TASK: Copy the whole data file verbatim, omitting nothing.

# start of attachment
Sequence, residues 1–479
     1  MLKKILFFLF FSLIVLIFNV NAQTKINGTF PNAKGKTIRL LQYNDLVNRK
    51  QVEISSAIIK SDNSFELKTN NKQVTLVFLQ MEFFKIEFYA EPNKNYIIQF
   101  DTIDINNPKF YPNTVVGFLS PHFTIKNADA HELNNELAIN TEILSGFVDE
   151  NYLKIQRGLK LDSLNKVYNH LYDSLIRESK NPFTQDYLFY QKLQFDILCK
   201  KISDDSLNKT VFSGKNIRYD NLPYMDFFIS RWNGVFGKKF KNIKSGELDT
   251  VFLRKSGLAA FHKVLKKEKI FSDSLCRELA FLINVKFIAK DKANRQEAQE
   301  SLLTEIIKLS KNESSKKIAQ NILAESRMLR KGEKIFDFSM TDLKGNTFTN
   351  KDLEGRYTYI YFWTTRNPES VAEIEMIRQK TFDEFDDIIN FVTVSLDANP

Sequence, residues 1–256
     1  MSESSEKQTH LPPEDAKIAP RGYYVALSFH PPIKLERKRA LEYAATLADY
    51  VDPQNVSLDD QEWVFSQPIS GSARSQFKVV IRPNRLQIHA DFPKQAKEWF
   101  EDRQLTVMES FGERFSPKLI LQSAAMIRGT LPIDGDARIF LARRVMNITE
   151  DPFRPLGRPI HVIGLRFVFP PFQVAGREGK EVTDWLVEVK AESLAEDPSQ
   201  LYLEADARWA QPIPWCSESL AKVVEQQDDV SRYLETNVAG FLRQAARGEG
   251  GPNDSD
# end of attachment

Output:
Sequence, residues 1–479
     1  MLKKILFFLF FSLIVLIFNV NAQTKINGTF PNAKGKTIRL LQYNDLVNRK
    51  QVEISSAIIK SDNSFELKTN NKQVTLVFLQ MEFFKIEFYA EPNKNYIIQF
   101  DTIDINNPKF YPNTVVGFLS PHFTIKNADA HELNNELAIN TEILSGFVDE
   151  NYLKIQRGLK LDSLNKVYNH LYDSLIRESK NPFTQDYLFY QKLQFDILCK
   201  KISDDSLNKT VFSGKNIRYD NLPYMDFFIS RWNGVFGKKF KNIKSGELDT
   251  VFLRKSGLAA FHKVLKKEKI FSDSLCRELA FLINVKFIAK DKANRQEAQE
   301  SLLTEIIKLS KNESSKKIAQ NILAESRMLR KGEKIFDFSM TDLKGNTFTN
   351  KDLEGRYTYI YFWTTRNPES VAEIEMIRQK TFDEFDDIIN FVTVSLDANP

Sequence, residues 1–256
     1  MSESSEKQTH LPPEDAKIAP RGYYVALSFH PPIKLERKRA LEYAATLADY
    51  VDPQNVSLDD QEWVFSQPIS GSARSQFKVV IRPNRLQIHA DFPKQAKEWF
   101  EDRQLTVMES FGERFSPKLI LQSAAMIRGT LPIDGDARIF LARRVMNITE
   151  DPFRPLGRPI HVIGLRFVFP PFQVAGREGK EVTDWLVEVK AESLAEDPSQ
   201  LYLEADARWA QPIPWCSESL AKVVEQQDDV SRYLETNVAG FLRQAARGEG
   251  GPNDSD